Mogadishu battles stoke humanitarian crisis
By Abdi Sheikh and Aweys Yusuf
MOGADISHU, Nov 2 (Reuters) - Battles in the Somali capital killed at least seven people on Friday and stoked a humanitarian crisis after nearly 90,000 people fled fighting earlier this week.
Ethiopian forces supporting Somalia's interim government are trying to crush Islamist-led rebels in Mogadishu. Clashes resumed before dawn and, although they later subsided, intermittent blasts of gunfire could be heard across the city.
Residents said at least three civilians, three Ethiopian soldiers and one rebel fighter were killed. Police could not confirm any deaths but said there had been Ethiopian casualties.
Three days of fighting that began last weekend displaced 88,000 residents, the U.N. refugee agency UNHCR said. Hundreds of thousands fled violence earlier this year.
Residents say several dozen people have died in this week's fighting and many have been forced into hiding.
The battles have cut the ability of aid workers to respond effectively to what charities call an unfolding humanitarian catastrophe in the Horn of Africa nation.
Inhabitants have been streaming out of the city all week on foot or carried by carts, donkeys and motor vehicles.
According to the refugee agency, 47,000 have settled along a road west of Mogadishu and are living in makeshift shelters.
"They are now crammed into huts and things that have sprung up all along the road. They lack food, sanitation and water -- all the basic necessities of life," UNHCR spokeswoman Jennifer Pagonis told a news briefing in Geneva.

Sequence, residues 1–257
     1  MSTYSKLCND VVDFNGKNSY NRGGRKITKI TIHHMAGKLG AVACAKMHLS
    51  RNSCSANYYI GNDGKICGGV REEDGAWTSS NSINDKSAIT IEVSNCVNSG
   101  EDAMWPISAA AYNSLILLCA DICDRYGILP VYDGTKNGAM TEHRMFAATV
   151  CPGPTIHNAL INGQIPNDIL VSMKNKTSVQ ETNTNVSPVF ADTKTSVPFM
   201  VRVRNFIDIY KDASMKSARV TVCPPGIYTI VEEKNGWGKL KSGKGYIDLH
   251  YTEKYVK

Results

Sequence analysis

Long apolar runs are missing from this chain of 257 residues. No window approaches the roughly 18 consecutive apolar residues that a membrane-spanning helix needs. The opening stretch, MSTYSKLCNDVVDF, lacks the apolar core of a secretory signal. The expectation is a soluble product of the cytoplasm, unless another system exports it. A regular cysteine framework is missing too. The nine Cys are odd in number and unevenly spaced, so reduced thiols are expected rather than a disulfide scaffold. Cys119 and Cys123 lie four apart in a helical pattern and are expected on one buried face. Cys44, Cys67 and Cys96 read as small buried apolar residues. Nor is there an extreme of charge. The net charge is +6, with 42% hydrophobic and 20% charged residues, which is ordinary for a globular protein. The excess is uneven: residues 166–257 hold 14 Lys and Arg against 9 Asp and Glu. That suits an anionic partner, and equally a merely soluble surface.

PIRACY COMPOUNDS PROBLEM
Sixty-year-old Fatuma Abdi fled her home months ago with six grandchildren and their widowed mother. They live in a settlement 25 km (16 miles) south of the capital and survive on donations from families in the neighbourhood.
"I have just been told that my sister and her family have been killed by a mortar blast last night," she said, breaking down in tears, her hand covering her mouth.
Somalia's U.N.-backed government is struggling to impose its authority on the country, and its forces in Mogadishu and their Ethiopian allies face daily attacks from the insurgents.
With the international agenda dominated by other hotspots including Sudan's Darfur, humanitarian workers say the Somali crisis is not getting the attention it deserves.
When allied Ethiopian and Somali government troops launched two offensives against Islamist hideouts in Mogadishu earlier this year, hundreds of civilians died and 400,000 fled, according to U.N. and aid group figures. Most have not returned.
The U.N. World Food Programme (WFP) said it was in negotiations with the government to begin food distribution in Mogadishu, which remains suspended after its top official in the capital was detained without charge for nearly a week.
"We need escorts to bring food into Somalia," WFP spokeswoman Christiane Berthiaume told reporters in Geneva.
The only way to reach the displaced people in eastern Somalia was by boat, she said, although piracy was a major problem. It was impossible to take food there by land from Kenya because of a lack of secure roads.
"We are counting a lot on the French and other foreign powers to come and help secure transport," Berthiaume said. (Additional reporting by Stephanie Nebehay in Geneva)
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